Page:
June 11, 2019 / 2:43 PM / 13 days ago

Ireland pledges 'utter integrity' at central bank amid new chief's inquiry

FILE PHOTO: Ireland's Minister for Finance and Public Expenditure Paschal Donohoe arrives at a European Financial Forum event in Dublin, Ireland February 13, 2019. REUTERS/Clodagh Kilcoyne

DUBLIN (Reuters) - Ireland must have a central bank of “utter integrity”, Finance Minister Paschal Donohoe said on Tuesday, responding to an inquiry in New Zealand into Ireland’s incoming central bank chief Gabriel Makhlouf.

Ireland appointed New Zealand Treasury chief Makhlouf as its new central bank governor on May 1, shortly before he was caught up in a national furor over early and unauthorized access to sensitive budget information.

New Zealand’s treasury said it was hacked after the main opposition party published details of the much-anticipated budget before its full release. Police said they did not believe the information was accessed illegally.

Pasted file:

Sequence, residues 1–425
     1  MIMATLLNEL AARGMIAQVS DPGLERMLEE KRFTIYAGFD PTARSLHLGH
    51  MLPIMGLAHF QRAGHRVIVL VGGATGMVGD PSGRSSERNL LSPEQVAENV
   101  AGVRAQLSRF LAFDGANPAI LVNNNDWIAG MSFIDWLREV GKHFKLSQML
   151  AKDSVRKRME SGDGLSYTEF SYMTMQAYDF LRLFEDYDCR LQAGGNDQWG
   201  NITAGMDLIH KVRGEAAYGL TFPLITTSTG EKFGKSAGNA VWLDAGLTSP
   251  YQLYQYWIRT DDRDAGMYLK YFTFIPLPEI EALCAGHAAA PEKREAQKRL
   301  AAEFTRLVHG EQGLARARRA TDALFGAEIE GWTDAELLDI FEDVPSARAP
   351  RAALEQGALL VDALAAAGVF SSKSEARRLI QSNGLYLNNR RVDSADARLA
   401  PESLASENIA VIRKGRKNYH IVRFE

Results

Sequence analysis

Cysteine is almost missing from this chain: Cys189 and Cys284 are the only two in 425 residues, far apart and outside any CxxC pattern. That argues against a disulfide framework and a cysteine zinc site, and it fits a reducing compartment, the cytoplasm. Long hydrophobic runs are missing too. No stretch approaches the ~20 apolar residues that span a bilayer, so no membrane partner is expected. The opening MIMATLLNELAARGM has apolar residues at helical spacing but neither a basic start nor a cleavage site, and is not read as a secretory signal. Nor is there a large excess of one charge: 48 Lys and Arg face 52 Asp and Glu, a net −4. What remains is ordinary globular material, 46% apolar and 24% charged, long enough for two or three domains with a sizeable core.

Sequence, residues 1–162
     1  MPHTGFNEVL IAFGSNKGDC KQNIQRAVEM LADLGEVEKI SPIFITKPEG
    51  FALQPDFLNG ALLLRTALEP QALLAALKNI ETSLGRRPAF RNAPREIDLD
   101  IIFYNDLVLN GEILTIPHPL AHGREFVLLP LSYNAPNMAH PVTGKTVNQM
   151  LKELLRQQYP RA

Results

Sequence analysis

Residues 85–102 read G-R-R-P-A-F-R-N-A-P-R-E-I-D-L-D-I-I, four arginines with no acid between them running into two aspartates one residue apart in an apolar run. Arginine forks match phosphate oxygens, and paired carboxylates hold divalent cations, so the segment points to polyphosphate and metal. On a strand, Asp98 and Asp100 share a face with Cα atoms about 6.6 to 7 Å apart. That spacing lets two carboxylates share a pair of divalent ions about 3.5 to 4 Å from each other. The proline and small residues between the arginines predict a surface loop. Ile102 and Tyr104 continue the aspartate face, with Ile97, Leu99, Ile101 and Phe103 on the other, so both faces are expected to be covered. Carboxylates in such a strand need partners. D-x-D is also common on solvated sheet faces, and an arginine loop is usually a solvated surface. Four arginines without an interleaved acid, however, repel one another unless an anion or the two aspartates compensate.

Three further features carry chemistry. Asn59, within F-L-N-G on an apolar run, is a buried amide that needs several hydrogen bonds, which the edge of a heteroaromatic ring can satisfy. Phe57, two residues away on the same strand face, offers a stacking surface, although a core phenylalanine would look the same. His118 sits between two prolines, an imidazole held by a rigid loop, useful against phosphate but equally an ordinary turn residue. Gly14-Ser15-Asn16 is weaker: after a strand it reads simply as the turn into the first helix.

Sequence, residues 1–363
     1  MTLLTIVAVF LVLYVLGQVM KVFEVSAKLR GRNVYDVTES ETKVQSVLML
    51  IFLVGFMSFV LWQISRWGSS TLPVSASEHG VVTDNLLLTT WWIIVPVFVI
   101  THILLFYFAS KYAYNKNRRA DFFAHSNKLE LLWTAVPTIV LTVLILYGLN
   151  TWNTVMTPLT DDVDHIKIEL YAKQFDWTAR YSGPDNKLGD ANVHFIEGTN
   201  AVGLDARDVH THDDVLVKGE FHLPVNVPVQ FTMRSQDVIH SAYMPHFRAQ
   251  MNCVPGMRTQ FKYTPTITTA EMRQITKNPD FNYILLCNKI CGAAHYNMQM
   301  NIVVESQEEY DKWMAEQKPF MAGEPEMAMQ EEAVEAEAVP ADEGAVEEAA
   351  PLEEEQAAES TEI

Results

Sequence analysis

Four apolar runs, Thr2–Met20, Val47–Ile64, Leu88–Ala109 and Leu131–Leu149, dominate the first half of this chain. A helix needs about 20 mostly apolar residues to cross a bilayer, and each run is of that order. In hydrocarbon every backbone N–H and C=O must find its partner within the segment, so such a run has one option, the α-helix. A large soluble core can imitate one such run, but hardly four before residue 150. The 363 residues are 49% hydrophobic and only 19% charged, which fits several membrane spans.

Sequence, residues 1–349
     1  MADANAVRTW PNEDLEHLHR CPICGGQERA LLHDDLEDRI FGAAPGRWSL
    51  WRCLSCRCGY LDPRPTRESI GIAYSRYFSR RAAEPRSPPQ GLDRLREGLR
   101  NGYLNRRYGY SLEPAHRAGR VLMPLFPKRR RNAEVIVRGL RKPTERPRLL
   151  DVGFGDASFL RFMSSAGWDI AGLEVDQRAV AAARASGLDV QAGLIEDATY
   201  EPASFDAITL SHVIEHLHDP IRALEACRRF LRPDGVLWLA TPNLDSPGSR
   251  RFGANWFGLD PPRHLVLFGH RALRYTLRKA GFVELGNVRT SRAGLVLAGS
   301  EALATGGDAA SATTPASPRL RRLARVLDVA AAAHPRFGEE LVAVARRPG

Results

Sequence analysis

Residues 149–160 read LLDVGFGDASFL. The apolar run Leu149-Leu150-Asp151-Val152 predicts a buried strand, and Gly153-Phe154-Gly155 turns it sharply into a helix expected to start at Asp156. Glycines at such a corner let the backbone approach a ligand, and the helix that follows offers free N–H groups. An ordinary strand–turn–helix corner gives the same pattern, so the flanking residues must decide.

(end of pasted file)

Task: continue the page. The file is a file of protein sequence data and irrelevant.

New Zealand’s main opposition party called for Makhlouf to resign and the country’s State Services Commission last week launched an investigation into Makhlouf’s actions and public statements about the causes of the budget leak.

Makhlouf, who is due to take over at Ireland’s central bank and sit on the Governing Council of the European Central Bank on Sept. 1, believed he acted in good faith at all times, State Services Commissioner Peter Hughes said.

In Ireland, one of the smaller opposition parties, Labour, has called for Makhlouf’s appointment to be suspended pending the results of that investigation.

“I’m very conscious here that an inquiry is underway in relation to a political issue in another country, I don’t want to comment on that inquiry,” Donohoe told national broadcaster RTE in his first public remarks about the controversy.

“I’m very conscious that we need to have utter integrity and utter independence in the central bank and that is what will happen.”

Asked by reporters if there was a means for the government to walk back on its decision, if it felt it needed to, Donohoe said the legislation that governs the appointment leaves the option open to government to make a change in the case of “very, very grave misconduct.”

Reporting by Padraic Halpin; Editing by Janet Lawrence

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